So far as the Council’s interests in Digital City is concerned, further legal and financial advice will be required in this matter following which it is suggested that the Chief Executive, in consultation with the Cabinet Member for Finance, be authorised to take such action as he considers necessary to protect and, if appropriate conclude, the Council’s interests in Digital City and ensure that the network assets deployed in Highworth are transferred in the first instance to the Council’s ownership.
Conclude the Council’s interests, i.e. dead, finished, failed. And do we get any apology for that failure? No. Far from it. In fact, reading the report you could be forgiven for thinking the project had been a success.
Despite Digital City having failed to make interest repayments since late 2010, the granting of the loan has still proved to be financially advantageous for the Council. Sums received in interest and arrangement fees total £10.5k, while investment of the sums advanced to the company would have generated £6.9k to date at the Council’s average investment rate of return.
Let’ forget, shall we, that the original proposal said that Digital City would have repaid its £450k loan from us, the tax payers of Swindon, in full within two years. Instead, lets just be grateful. for £10.5k.
In place of an apology, we get a new proposed scheme, between Swindon Borough Council, an unnamed investor “under the ultimate ownership of a Global Telecommunications Company with annual revenues in excess of $3b US.” and that company well known for successful IT projects, Capita. Capita already provides numerous services to Swindon Borough Council. The report gives no indication as to whether Swindon Borough Council would have to stump up more of our money for this deal to go ahead. It also tries to suggest that the return on this new investment will constitute a return on the investment in Digital City (UK) Ltd.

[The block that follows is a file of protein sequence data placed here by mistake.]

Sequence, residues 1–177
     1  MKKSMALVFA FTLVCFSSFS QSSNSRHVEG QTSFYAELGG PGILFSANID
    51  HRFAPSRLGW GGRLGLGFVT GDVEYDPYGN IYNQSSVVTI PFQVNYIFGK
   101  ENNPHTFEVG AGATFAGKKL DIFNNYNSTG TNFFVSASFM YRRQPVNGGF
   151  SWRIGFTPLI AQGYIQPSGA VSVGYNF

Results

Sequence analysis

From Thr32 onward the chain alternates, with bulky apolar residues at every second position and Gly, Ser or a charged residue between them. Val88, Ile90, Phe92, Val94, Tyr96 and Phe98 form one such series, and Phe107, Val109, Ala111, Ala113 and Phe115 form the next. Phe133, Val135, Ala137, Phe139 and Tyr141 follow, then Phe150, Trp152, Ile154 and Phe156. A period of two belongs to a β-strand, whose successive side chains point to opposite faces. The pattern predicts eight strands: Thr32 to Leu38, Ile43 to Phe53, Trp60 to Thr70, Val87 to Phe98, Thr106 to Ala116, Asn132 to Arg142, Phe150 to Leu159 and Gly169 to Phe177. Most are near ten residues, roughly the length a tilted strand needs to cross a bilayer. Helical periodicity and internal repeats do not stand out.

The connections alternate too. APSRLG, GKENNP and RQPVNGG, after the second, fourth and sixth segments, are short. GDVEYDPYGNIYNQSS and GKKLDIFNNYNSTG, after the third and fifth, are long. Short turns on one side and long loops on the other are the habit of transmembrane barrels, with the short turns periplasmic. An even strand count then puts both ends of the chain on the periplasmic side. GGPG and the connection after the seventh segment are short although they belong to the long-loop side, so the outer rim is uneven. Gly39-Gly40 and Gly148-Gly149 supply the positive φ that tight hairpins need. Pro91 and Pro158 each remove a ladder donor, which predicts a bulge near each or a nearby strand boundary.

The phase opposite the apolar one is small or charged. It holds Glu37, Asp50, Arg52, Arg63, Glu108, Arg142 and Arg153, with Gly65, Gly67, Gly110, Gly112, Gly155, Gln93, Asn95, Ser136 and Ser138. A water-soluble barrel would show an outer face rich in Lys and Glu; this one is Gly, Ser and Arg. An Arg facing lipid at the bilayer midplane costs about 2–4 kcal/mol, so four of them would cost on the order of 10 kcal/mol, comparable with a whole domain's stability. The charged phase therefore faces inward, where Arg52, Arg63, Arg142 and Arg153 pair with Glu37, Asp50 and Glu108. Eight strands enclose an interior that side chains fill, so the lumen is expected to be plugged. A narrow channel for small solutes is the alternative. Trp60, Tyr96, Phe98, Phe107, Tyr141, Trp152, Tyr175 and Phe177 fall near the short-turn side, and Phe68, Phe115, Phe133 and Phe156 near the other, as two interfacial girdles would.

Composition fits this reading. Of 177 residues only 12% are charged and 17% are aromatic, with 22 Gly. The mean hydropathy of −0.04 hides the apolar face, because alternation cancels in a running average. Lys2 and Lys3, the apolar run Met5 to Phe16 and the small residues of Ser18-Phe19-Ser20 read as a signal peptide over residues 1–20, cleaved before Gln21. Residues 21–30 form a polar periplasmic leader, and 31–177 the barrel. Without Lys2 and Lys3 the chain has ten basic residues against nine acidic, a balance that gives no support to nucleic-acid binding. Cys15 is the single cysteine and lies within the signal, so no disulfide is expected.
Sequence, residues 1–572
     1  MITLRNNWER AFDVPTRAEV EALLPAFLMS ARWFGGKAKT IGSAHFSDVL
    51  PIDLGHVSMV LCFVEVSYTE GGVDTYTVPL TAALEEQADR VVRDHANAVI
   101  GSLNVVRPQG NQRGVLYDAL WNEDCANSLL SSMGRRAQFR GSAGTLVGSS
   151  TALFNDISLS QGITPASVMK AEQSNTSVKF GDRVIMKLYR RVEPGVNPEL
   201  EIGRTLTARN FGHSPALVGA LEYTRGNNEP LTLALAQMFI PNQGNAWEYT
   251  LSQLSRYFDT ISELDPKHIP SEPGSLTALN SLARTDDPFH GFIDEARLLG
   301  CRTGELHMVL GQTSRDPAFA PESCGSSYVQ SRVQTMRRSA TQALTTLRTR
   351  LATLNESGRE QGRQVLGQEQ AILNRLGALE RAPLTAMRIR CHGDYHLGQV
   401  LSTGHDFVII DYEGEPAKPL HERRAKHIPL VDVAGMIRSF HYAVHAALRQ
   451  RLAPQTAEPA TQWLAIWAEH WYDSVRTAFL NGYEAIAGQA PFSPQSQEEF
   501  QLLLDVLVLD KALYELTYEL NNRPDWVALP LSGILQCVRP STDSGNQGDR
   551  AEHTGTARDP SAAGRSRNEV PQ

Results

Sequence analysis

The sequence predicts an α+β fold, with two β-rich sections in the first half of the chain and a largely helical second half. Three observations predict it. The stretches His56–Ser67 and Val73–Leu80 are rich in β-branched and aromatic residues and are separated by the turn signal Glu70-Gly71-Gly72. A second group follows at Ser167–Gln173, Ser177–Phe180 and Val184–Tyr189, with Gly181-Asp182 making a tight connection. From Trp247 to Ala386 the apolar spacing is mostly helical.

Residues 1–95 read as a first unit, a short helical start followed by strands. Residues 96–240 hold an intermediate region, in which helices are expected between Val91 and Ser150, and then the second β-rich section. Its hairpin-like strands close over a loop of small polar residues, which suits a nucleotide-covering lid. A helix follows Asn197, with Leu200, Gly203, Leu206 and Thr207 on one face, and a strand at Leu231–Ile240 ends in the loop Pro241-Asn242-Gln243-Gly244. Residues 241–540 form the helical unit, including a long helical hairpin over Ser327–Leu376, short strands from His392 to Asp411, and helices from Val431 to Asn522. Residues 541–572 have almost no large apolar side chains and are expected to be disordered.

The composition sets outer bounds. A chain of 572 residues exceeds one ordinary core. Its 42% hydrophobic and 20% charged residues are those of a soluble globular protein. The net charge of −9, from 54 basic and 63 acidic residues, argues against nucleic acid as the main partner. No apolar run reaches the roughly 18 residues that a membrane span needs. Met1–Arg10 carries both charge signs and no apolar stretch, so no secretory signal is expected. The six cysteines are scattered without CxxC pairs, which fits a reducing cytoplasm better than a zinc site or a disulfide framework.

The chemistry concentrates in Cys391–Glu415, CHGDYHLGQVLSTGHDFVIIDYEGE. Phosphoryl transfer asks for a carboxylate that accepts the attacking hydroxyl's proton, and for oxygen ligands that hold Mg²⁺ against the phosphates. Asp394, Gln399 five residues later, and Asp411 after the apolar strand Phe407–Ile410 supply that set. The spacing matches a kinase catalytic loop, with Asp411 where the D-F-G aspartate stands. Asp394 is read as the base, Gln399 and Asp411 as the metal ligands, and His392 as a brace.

The financial return to the Council is, therefore, enhanced by its investment in Digital City and the resulting Highworth pilot and the Council will now get a return on its investment. This will equate to the loan advance of £400k plus interest by year five or earlier depending on revenue share and this financial benefit will continue to accrue in future years…. Through these arrangements with Capita, SBC has the potential to receive significant return based on sales targets being achieved over 5 years, part of which will be credited against the loan of £400k to Digital City, and accumulated interest. Current indications are that this amount is likely to be repaid over approximately 5 years.
5 years? That’s in addition to the 2 years over which the loan to Digital City (UK) Ltd was meant to be repaid. And unless this new investor is going to take over the assets and liabilities of Digital City (UK) Ltd, then to suggest that this is a repayment of the loan to that company is the most creative of creative accounting. As the report makes clear, no such takeover is envisioned.
The Council’s intention will be to secure an orderly extraction of our interests from Digital City, with its assets being transferred to SBC to ensure that the Highworth infrastructure is kept intact. To ensure this happens, it is suggested that the Chief Executive be authorised, in consultation with the Cabinet Member for Finance, to take such action as he considers necessary to protect and, if appropriate, conclude the Council’s interests in Digital City and ensure that the network assets deployed in Highworth are transferred in the first instance to the Council’s ownership.
So effectively, Swindon Borough Council will exercise its rights under the loan agreement with Digital City (UK) Ltd and take over the company’s network assets. It will then enter a new venture with Capita and an unnamed company. On that basis, the new venture will owe nothing from the first, despite what the report may try to suggest.
The report to Swindon Borough Council’s cabinet is written my Mr Hitesh Patel. Mr Patel is an ex-director of Digital City (UK) Ltd. Mr Patel was also an author of the original recommendation to councillors to invest in Digital City (UK) Ltd. Perhaps, then, it’s unsurprising that he writes about that investment in such glowing terms. But given how poor his advice was the first time around, and that he didn’t know he was already a director of the company he was recommending an investment in, would anyone with any sense really trust his advice again? But then, would anyone with sense have made the first investment? Answers to that on a no-questions-asked cheque for £450k please.